This is the point of sustainability to me, to always be looking at how we can use things that are produced by or available in nature to be able to “sustain” the way we farm and this includes sustaining nature so it can continue to provide those things (and also simply because it has a right to exist as much as we do). There’s a Mi’kmaq word that I learned recently - Netukulimk, which sums it up really well: “it is about achieving community nutrition and economic well-being without jeopardizing our environment. Mi’Kmaq resource management unites people with the plants, animals and the environment as a whole”. Though we are nowhere near as sustainable as the original people of Mi’kma’ki or Nova Scotia, we do try to take into account how any and all of our actions will impact the environment around us and how it will impact future generations who may live on this land, and we are always trying to do better within our personal set of circumstances.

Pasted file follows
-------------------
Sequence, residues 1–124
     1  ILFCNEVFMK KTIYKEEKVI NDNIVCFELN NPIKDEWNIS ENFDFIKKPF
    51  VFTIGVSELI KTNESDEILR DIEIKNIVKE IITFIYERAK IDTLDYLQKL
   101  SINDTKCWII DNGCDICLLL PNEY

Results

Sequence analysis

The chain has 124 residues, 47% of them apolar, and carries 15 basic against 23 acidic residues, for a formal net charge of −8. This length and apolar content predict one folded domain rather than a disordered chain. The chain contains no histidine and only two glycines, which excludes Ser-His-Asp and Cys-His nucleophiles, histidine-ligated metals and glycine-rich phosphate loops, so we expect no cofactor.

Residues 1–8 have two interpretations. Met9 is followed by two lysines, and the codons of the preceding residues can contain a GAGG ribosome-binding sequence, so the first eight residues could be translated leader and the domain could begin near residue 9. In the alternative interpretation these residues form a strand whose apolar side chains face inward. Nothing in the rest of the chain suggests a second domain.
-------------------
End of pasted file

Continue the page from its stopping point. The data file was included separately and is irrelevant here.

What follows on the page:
This is definitely a hugely complex issue, and while we do all of these things on our farm, we also do things that are not sustainable in this future without industrialization. We use a tractor which uses diesel, we deliver our veggies with a car which uses gas, we communicate to potential customers using cell phones and computers which use rare earth minerals that must be mined, we use greenhouse plastic, plastic pots and trays which are made from gas and oil, and we use potting mix which is made from peat moss. All of these things are unsustainable in the long run - there is a finite amount of oil, peat moss, and rare earth minerals in the world. The sad truth is that it is next to impossible to be 100% sustainable as a farmer today and still make enough money to keep going. Does that mean we shouldn’t try to be sustainable? Not at all! Like I said above, every little action towards sustainability is worthwhile, the only thing that is futile is not trying.